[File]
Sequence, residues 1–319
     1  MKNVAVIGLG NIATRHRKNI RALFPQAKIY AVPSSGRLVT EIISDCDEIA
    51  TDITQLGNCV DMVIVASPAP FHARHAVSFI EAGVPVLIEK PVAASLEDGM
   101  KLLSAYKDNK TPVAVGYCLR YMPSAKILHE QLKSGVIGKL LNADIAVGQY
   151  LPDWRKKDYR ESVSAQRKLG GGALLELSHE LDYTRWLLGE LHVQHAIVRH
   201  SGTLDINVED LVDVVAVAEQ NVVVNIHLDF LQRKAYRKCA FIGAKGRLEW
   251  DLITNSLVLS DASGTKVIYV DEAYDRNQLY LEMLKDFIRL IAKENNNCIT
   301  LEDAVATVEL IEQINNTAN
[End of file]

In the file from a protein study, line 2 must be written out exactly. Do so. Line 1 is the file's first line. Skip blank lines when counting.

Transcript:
     1  MKNVAVIGLG NIATRHRKNI RALFPQAKIY AVPSSGRLVT EIISDCDEIA